Use the “Scoring your Test” form that is on the same page as the practice test. Download and print the form. Page 9 of the form will provide you with your key scores. You will get a score out of 760 for Math and 760 for Reading + Writing. A score of around 500/760 is average for both sections. A score above 600 for each section is good and a score above 700 for each section is excellent. There are also cross test scores and sub-scores that can help you understand where your weaknesses lie.
Evaluating your Weaknesses
As I mentioned, there are cross-test scores and sub-scores that can be calculated. These scores can help you identify your weaknesses. Additionally, examine any patterns in errors you can see for yourself. Did you change your answers on all the questions you got wrong? Did your wrong answers tend to be As or Bs and you didn’t even look at C and D answers? The patterns of errors can identify weaknesses in your test taking skills. Perhaps your Math scores are fine and you just need a little practice in some key areas, but your reading and writing scores are terrible.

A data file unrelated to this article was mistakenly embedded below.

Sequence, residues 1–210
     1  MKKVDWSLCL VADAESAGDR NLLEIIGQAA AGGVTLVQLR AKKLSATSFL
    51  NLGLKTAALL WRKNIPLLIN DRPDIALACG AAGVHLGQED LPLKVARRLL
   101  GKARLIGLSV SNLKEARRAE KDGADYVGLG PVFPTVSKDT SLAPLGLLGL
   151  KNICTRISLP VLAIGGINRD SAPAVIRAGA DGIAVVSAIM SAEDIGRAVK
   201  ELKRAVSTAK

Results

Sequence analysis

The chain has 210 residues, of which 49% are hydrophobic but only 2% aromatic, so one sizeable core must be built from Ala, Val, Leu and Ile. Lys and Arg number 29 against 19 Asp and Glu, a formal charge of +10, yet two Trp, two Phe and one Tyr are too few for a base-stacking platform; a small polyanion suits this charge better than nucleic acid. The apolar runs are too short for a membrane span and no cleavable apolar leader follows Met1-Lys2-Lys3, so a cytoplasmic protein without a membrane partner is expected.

Test Prep or Skills Prep?
Frequently, students who start to prepare for the SAT lump these 2 issues into one category, but they are distinctly different things. Test Prep is understanding the structure of the test and involves strategies and systems to approaching the test and completing the questions accurately and consistently. These are often what is learned in courses taught by the big name companies. However, skills prep is the knowledge and skills that you are being tested on. One mistake students make is they just repeatedly complete practice tests without improving their reading, grammar, and math skills first. For example, if you approach the Writing section by answering based on what “sounds right, ” you will struggle to achieve a perfect score. You need to know the precise grammar rules and style norms that the College Board is testing.
Okay, but what are the best books or courses to prepare for the SAT?